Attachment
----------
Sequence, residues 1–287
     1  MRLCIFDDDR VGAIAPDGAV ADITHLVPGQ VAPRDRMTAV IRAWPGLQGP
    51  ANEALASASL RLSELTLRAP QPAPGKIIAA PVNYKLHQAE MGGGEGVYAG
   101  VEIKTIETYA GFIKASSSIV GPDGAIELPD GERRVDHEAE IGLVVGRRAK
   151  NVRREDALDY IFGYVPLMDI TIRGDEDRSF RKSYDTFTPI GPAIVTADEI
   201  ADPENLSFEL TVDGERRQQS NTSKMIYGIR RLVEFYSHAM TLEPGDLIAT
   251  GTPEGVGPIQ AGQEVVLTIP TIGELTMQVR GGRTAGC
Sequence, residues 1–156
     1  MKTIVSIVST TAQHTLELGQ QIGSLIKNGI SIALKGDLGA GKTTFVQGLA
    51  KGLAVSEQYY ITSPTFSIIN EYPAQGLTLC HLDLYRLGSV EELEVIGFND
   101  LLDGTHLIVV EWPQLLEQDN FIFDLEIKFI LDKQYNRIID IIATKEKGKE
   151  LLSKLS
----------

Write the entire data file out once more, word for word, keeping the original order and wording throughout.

Sequence, residues 1–287
     1  MRLCIFDDDR VGAIAPDGAV ADITHLVPGQ VAPRDRMTAV IRAWPGLQGP
    51  ANEALASASL RLSELTLRAP QPAPGKIIAA PVNYKLHQAE MGGGEGVYAG
   101  VEIKTIETYA GFIKASSSIV GPDGAIELPD GERRVDHEAE IGLVVGRRAK
   151  NVRREDALDY IFGYVPLMDI TIRGDEDRSF RKSYDTFTPI GPAIVTADEI
   201  ADPENLSFEL TVDGERRQQS NTSKMIYGIR RLVEFYSHAM TLEPGDLIAT
   251  GTPEGVGPIQ AGQEVVLTIP TIGELTMQVR GGRTAGC
Sequence, residues 1–156
     1  MKTIVSIVST TAQHTLELGQ QIGSLIKNGI SIALKGDLGA GKTTFVQGLA
    51  KGLAVSEQYY ITSPTFSIIN EYPAQGLTLC HLDLYRLGSV EELEVIGFND
   101  LLDGTHLIVV EWPQLLEQDN FIFDLEIKFI LDKQYNRIID IIATKEKGKE
   151  LLSKLS